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Your Top 3 Questions About the PPP Loan Application Process Answered

April 2020


On Friday, April 3, 2020 many financial institutions began accepting applications for the Paycheck Protection Program (PPP) loans as provided for in the Coronavirus Aid, Relief, and Economic Security Act (CARES) Act. With guidance for the program still being issued late last week, we received many questions regarding eligibility, computation and documentation. Below we’ve clarified the answers to these questions as we have them today, but please be aware information on these programs continues to evolve. If you would like additional support with your PPP loan application, please contact us at 630-953-4900.

Am I eligible for the PPP loan?

Generally, any business with 500 or less employees whose principal residence is in the United States can apply. This would also include tax-exempt nonprofit organizations (501(c)(3)), veteran organizations (501(c)(19)), and Tribal businesses. It’s important to note that independent contractors are eligible to file an application on their own and should not be included in the count of an organization’s employees nor in the payroll costs computation.

How do I compute my average payroll costs?

The computation is based upon payroll costs of your employees. Again, this does not include independent contractors, 1099 positions, or certain temporary laborers if those individuals are not your employees.

The computation should begin with gross payroll paid for the period which should be based upon the previous calendar year, unless your financial institution requires a different period. There are certain benefits such as health insurance premiums (net of employee contributions) and employer retirement plan contributions that can be added to the gross payroll. State unemployment tax payments made during the period can also be allocated to the computation.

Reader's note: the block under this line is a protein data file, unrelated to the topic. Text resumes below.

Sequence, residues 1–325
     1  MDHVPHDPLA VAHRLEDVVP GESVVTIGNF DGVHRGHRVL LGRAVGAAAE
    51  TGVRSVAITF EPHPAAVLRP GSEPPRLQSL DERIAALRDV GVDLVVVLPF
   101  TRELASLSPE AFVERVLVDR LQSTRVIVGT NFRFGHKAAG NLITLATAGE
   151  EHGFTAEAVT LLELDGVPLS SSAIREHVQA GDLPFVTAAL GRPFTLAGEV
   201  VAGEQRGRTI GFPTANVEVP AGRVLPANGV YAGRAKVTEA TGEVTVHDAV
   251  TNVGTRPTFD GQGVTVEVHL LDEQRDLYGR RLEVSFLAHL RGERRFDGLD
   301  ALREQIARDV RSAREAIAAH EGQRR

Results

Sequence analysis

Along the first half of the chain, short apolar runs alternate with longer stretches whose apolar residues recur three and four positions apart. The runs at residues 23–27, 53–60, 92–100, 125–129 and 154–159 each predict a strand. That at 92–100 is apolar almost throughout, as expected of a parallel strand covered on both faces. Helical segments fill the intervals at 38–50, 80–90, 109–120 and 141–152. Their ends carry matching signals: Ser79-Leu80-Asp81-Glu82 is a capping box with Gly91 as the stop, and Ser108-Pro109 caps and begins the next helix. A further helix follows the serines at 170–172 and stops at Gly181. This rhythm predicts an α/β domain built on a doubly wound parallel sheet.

Only $100,000 of payroll costs per employee can be considered in your computation. Hence, it is important to calculate the gross payroll per employee so that you can appropriately determine when the threshold of $100,000 has been met. That amount includes pay as well as benefit amounts paid on behalf of that employee.

You should not include any foreign compensation in the calculation nor in the employee count nor any qualified sick leave under Families First Coronavirus Response Act. Once you have your total payroll costs for the period, divide it by 12 to provide an average monthly payroll cost amount.

Your average payroll cost is then multiplied by 2.5 to reach the maximum loan amount you are eligible to receive.

What documentation do I need to provide?

Because documentation requirements vary by institution, we recommend applicants consult with their financial institution to confirm their specific requirements. However, these are some of the most common documents and calculations you will need to provide through the application process:

  • Payroll records such as Form 941, state unemployment tax reports
  • Health insurance premiums
  • Employer retirement plan contributions
  • Employee count as of February 15, 2020 based upon full time equivalents
  • Computation of average payroll counts and the necessary documentation to support the calculation

A standard PPP loan application (SBA Form 2483) is available at sba.gov or home.treasury.gov. This application will need to be provided to your financial institution. Please contact RBI member Cray Kaiser if you’d like any help or if you have any questions.